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Residential parking in vibrant city districts


  • Molenda, Inga
  • Sieg, Gernot


Living downtown can be advantageous because it enables convenient access to a variety of shopping and leisure activities, but a major disadvantage is the difficulty of finding a parking spot. We formally model the trade-off between privileged parking for residents and economic vitality in terms of the product variety available in a vibrant city district and identify situations in which assigning on-street parking spaces to residential parking constitutes an optimal policy, both from a welfare and a resident perspective. However, we demonstrate that privileged parking for residents is unlikely to result in a first-best allocation of on-street parking spaces, if an efficient level of economic vitality is to be ensured at the same time.

Suggested Citation

  • Molenda, Inga & Sieg, Gernot, 2013. "Residential parking in vibrant city districts," Economics of Transportation, Elsevier, vol. 2(4), pages 131-139.
  • Handle: RePEc:eee:ecotra:v:2:y:2013:i:4:p:131-139 DOI: 10.1016/j.ecotra.2014.02.002

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    References listed on IDEAS

    1. Anderson, Simon P. & de Palma, Andre, 2004. "The economics of pricing parking," Journal of Urban Economics, Elsevier, vol. 55(1), pages 1-20, January.
    2. van Ommeren, Jos & de Groote, Jesper & Mingardo, Giuliano, 2014. "Residential parking permits and parking supply," Regional Science and Urban Economics, Elsevier, vol. 45(C), pages 33-44.
    3. Calthrop, Edward & Proost, Stef, 2006. "Regulating on-street parking," Regional Science and Urban Economics, Elsevier, vol. 36(1), pages 29-48, January.
    4. van Ommeren, Jos & Wentink, Derk & Dekkers, Jasper, 2011. "The real price of parking policy," Journal of Urban Economics, Elsevier, vol. 70(1), pages 25-31, July.
    5. Arnott, Richard & Rowse, John, 1999. "Modeling Parking," Journal of Urban Economics, Elsevier, vol. 45(1), pages 97-124, January.
    6. Arnott, Richard & Inci, Eren, 2006. "An integrated model of downtown parking and traffic congestion," Journal of Urban Economics, Elsevier, vol. 60(3), pages 418-442, November.
    7. Glazer, Amihai & Niskanen, Esko, 1992. "Parking fees and congestion," Regional Science and Urban Economics, Elsevier, vol. 22(1), pages 123-132, March.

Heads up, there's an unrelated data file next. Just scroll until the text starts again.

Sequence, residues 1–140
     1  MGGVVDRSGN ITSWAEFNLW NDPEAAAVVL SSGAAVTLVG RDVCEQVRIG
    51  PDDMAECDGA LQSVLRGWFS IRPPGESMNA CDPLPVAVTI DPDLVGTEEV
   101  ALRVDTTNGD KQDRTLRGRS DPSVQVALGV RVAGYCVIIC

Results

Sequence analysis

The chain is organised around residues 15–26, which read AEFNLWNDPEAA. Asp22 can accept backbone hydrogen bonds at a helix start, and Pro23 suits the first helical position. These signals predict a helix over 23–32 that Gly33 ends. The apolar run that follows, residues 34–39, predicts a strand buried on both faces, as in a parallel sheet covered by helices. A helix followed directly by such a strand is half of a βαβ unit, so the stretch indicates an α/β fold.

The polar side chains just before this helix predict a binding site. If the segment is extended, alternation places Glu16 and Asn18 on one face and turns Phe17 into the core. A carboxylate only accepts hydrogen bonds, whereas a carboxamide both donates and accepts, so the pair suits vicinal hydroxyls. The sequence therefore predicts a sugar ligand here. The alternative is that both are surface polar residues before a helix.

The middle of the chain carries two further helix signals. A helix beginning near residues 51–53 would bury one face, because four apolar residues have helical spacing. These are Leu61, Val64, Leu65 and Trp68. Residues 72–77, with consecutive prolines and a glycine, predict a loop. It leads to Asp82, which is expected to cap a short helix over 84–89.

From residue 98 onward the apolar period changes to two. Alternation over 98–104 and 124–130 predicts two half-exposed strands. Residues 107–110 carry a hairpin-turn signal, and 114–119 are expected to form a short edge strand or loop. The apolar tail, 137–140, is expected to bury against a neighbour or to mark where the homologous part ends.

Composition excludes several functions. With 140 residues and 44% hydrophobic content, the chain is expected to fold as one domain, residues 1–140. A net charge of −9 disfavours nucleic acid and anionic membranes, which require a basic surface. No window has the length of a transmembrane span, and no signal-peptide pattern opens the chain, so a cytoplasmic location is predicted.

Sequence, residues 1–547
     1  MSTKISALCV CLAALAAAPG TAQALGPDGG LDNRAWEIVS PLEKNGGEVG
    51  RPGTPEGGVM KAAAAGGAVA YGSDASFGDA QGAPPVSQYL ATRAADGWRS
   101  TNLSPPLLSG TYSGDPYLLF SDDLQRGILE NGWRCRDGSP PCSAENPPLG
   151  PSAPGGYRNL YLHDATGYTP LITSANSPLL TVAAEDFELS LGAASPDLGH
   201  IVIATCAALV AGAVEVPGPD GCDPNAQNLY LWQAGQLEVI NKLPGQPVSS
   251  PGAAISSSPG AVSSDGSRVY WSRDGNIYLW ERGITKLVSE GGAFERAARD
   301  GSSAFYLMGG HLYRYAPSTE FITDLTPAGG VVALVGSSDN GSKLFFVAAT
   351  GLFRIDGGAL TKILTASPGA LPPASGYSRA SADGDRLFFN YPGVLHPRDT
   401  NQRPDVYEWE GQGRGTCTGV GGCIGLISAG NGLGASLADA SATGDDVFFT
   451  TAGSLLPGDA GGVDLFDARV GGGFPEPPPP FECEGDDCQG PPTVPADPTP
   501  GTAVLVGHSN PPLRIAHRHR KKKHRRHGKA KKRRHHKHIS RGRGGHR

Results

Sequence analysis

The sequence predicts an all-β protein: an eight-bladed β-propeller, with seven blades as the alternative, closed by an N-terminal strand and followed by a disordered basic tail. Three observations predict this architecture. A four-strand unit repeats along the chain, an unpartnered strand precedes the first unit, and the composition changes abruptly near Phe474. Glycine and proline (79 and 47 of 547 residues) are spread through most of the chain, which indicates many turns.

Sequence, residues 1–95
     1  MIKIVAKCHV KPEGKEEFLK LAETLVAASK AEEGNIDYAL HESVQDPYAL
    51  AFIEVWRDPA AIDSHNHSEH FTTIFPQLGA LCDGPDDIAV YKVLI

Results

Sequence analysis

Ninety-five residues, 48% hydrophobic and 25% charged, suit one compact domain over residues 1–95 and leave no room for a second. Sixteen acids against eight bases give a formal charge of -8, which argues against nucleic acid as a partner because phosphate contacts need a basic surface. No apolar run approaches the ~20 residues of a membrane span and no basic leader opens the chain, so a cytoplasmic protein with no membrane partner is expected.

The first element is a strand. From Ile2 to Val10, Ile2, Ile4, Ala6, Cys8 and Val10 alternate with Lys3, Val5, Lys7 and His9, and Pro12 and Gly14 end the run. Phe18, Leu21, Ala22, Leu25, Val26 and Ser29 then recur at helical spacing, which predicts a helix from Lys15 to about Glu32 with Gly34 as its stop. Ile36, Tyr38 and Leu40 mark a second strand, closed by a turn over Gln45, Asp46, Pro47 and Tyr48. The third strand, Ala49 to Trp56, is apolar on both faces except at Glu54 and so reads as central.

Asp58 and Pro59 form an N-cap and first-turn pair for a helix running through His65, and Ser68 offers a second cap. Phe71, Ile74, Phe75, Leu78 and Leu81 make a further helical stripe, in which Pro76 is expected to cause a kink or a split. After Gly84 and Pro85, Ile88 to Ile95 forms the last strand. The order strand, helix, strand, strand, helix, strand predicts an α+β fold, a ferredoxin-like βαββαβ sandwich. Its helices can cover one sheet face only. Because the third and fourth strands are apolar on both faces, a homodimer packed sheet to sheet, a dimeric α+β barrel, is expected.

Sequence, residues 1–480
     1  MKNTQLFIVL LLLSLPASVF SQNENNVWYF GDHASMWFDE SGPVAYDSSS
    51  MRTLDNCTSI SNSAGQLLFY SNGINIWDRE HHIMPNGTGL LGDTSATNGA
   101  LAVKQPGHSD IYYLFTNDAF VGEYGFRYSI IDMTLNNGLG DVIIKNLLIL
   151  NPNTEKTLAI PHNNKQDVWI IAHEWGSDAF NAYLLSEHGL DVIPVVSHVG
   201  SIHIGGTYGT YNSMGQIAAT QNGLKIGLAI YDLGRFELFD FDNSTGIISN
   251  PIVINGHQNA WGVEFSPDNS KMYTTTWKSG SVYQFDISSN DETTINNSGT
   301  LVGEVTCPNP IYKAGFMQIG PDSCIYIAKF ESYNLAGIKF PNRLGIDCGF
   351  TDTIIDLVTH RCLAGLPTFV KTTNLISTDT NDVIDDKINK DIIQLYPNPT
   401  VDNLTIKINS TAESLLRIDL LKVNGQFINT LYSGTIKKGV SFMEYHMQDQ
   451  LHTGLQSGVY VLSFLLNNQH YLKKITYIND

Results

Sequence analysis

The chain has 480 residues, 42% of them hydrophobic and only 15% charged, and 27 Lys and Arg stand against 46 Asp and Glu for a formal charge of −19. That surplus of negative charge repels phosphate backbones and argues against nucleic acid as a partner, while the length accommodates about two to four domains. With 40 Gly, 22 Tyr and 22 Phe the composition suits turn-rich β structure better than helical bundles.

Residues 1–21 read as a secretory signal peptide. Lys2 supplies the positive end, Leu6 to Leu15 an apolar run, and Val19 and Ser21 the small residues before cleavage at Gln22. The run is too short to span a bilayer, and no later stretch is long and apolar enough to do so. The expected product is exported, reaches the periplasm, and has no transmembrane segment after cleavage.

8. Shoup, Donald C., 1999. "The trouble with minimum parking requirements," Transportation Research Part A: Policy and Practice, Elsevier, vol. 33(7-8), pages 549-574.
    9. Ben Still & David Simmonds, 2000. "Parking restraint policy and urban vitality," Transport Reviews, Taylor & Francis Journals, vol. 20(3), pages 291-316, January.
    10. Arnott, Richard & Rowse, John, 2009. "Downtown parking in auto city," Regional Science and Urban Economics, Elsevier, vol. 39(1), pages 1-14, January.
    11. repec:ucp:bkecon:9781884829987 is not listed on IDEAS
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    Cited by:

    1. DE BORGER, Bruno & RUSSO, Antonio, 2015. "Lobbying and the political economy of pricing car access to downtown commercial districts," Working Papers 2015012, University of Antwerp, Faculty of Applied Economics.
    2. Arnott, Richard & Inci, Eren & Rowse, John, 2015. "Downtown curbside parking capacity," Journal of Urban Economics, Elsevier, vol. 86(C), pages 83-97.
    3. Groote, Jesper De & Ommeren, Jos Van & Koster, Hans R.A., 2016. "Car ownership and residential parking subsidies: Evidence from Amsterdam," Economics of Transportation, Elsevier, vol. 6(C), pages 25-37.
    4. Inci, Eren, 2015. "A review of the economics of parking," Economics of Transportation, Elsevier, vol. 4(1), pages 50-63.
    5. De Borger, Bruno & Russo, Antonio, 2017. "The political economy of pricing car access to downtown commercial districts," Transportation Research Part B: Methodological, Elsevier, vol. 98(C), pages 76-93.

    More about this item


    Residential parking; Urban vitality; Love of variety; Local decision-making;

    JEL classification:

    • R41 - Urban, Rural, Regional, Real Estate, and Transportation Economics - - Transportation Economics - - - Transportation: Demand, Supply, and Congestion; Travel Time; Safety and Accidents; Transportation Noise
    • R48 - Urban, Rural, Regional, Real Estate, and Transportation Economics - - Transportation Economics - - - Government Pricing and Policy
    • D61 - Microeconomics - - Welfare Economics - - - Allocative Efficiency; Cost-Benefit Analysis
    • D72 - Microeconomics - - Analysis of Collective Decision-Making - - - Political Processes: Rent-seeking, Lobbying, Elections, Legislatures, and Voting Behavior


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